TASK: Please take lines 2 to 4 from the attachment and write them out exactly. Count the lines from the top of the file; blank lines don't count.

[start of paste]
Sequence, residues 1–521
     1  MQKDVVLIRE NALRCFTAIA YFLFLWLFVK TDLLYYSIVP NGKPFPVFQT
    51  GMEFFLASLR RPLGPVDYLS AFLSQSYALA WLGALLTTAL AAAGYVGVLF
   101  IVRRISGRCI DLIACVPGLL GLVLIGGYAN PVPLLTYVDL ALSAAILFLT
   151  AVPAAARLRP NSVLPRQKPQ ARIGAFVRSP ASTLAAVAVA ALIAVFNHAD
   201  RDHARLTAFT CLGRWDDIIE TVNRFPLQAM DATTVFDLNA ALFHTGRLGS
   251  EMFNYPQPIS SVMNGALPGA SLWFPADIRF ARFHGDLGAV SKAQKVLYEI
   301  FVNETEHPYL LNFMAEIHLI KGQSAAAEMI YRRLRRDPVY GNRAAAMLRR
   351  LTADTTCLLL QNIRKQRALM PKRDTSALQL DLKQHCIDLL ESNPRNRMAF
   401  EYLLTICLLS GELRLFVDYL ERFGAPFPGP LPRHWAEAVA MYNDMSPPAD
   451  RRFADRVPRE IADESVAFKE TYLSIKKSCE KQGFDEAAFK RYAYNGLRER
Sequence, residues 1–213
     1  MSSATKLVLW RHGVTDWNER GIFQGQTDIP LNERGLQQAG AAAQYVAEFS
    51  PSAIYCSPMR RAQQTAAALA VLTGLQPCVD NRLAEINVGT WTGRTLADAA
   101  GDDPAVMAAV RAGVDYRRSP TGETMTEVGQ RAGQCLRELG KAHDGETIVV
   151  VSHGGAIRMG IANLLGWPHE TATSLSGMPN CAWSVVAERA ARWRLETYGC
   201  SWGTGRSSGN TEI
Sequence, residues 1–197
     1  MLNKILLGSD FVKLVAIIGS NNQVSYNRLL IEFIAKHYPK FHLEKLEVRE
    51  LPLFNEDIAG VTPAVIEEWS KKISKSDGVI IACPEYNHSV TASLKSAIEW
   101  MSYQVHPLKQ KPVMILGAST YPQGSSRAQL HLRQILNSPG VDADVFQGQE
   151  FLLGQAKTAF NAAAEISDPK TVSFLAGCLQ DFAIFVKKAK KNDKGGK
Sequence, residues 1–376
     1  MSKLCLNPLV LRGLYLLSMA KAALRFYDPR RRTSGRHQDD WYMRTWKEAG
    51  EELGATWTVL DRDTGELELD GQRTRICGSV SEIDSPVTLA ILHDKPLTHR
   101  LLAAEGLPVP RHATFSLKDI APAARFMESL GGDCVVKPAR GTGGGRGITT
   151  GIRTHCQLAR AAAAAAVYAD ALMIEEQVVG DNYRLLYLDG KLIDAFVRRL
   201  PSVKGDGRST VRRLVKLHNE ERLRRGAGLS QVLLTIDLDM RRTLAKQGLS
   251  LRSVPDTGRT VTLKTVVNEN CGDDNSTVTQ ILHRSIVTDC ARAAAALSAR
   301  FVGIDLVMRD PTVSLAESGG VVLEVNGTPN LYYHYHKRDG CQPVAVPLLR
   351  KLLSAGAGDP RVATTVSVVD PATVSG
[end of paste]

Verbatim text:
     1  MQKDVVLIRE NALRCFTAIA YFLFLWLFVK TDLLYYSIVP NGKPFPVFQT
    51  GMEFFLASLR RPLGPVDYLS AFLSQSYALA WLGALLTTAL AAAGYVGVLF
   101  IVRRISGRCI DLIACVPGLL GLVLIGGYAN PVPLLTYVDL ALSAAILFLT